Research training for medical students, resident physicians, and post-residency fellows is essential to developing the next generation of clinician-scientists. Physicians clinically trained in otolaryngology-head and neck surgery are those most likely to undertake research in the NIDCD mission areas of hearing, taste, smell, voice, communication disorders, neuroscience, and related cellular biology. The goals of this application are to: 1) provide short-term (3 month) introductory research experiences to medical students to encourage them to seek careers in the communication sciences;2) to provide longer term (1 year) research experiences to medical students interested in otolaryngology, to encourage pursuit of residencies that include research training and, ultimately, academic careers;3) provide 18 months of research training to one otolaryngology resident/year, to define and develop research to be continued as an academic faculty member, complemented by a structured didactic program in Clinical Research Design and Statistical Analysis for trainees interested in clinical research;and 5) provide 1 year post-residency fellowships for 2 trainees/year to complement their clinical subspecialty training. The opportunity to attend extramural or intramural conferences or educational courses relevant to the trainee's chosen research discipline will be provided. Preceptors have been selected from our internationally-recognized faculty consisting of both basic and clinical researchers in a broad variety of disciplines. Many faculty preceptors are themselves accomplished clinician-scientists who are in demand as research mentors. Major focuses of research include the molecular genetics of hearing loss, neural mechanisms of auditory processing, tissue bioengineering, the molecular biology of neural regeneration, and head and neck oncology. The research programs and facilities of the Department of Otolaryngology-Head and Neck Surgery and the Kresge Hearing Research Institute are among the best in the world and represent a major strength. The Multidisciplinary Clinical Researchers in Training Program (MCRiT), funded by a recent Roadmap T32, provides a unique and outstanding didactic and practical program in clinical research. In addition, the University of Michigan has extensive investments in both clinical and basic research in terms of the pending Clinical Translational Science Award, numerous core facilities, and major cross-departmental centers.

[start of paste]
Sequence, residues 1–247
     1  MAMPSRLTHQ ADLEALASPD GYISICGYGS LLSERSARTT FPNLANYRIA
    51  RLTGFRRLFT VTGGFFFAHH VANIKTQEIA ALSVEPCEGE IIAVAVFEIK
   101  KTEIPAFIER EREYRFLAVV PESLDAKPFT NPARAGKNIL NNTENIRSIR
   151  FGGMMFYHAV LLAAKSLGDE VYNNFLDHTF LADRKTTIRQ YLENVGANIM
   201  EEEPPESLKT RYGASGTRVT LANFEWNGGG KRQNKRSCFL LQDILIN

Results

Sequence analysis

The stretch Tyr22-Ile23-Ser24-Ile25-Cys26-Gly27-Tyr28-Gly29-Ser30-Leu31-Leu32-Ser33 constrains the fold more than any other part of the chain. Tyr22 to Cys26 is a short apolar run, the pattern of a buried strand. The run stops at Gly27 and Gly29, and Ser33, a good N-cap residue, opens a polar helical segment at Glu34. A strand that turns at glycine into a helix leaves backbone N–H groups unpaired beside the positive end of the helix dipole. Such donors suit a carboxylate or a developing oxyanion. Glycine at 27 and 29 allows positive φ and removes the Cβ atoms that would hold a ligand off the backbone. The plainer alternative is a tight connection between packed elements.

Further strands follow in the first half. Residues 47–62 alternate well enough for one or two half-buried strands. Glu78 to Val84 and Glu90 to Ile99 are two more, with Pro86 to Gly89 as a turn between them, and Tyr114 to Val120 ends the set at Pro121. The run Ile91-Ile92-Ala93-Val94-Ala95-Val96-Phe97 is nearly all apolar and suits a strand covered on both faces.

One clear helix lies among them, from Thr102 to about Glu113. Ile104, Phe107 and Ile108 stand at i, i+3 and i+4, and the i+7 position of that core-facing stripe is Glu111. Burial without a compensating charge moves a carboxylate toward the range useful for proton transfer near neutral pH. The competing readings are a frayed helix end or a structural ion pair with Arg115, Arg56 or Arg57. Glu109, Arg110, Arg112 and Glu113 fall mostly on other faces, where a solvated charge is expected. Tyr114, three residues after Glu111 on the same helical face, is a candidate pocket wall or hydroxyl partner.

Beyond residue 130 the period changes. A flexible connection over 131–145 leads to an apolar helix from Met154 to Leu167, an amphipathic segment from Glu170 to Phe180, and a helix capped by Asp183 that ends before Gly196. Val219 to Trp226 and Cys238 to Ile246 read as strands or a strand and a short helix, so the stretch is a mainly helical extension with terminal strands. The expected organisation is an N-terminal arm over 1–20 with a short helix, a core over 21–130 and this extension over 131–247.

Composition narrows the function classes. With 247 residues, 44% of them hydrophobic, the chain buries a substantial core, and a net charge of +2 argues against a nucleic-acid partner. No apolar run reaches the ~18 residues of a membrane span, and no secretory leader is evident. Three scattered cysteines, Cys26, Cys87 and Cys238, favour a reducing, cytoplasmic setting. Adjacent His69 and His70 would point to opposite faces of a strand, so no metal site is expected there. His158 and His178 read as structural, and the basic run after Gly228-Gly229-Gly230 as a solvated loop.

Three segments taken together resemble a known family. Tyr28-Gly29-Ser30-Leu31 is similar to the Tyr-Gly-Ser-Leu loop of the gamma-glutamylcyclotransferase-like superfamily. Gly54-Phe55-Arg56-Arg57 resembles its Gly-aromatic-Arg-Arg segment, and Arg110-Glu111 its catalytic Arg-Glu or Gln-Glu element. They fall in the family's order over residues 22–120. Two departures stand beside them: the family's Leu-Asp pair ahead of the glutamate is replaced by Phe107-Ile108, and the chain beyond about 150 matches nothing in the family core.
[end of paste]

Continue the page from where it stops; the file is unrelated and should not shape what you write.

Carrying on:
National Institute of Health (NIH)
National Institute on Deafness and Other Communication Disorders (NIDCD)
Institutional National Research Service Award (T32)
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Special Emphasis Panel (ZDC1-SRB-O (11))
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Sklare, Dan
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University of Michigan Ann Arbor
Schools of Medicine
Ann Arbor
United States
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Birkeland, Andrew C; Rosko, Andrew J; Beesley, Lauren et al. (2017) Preoperative Tracheostomy Is Associated with Poor Disease-Free Survival in Recurrent Laryngeal Cancer. Otolaryngol Head Neck Surg 157:432-438
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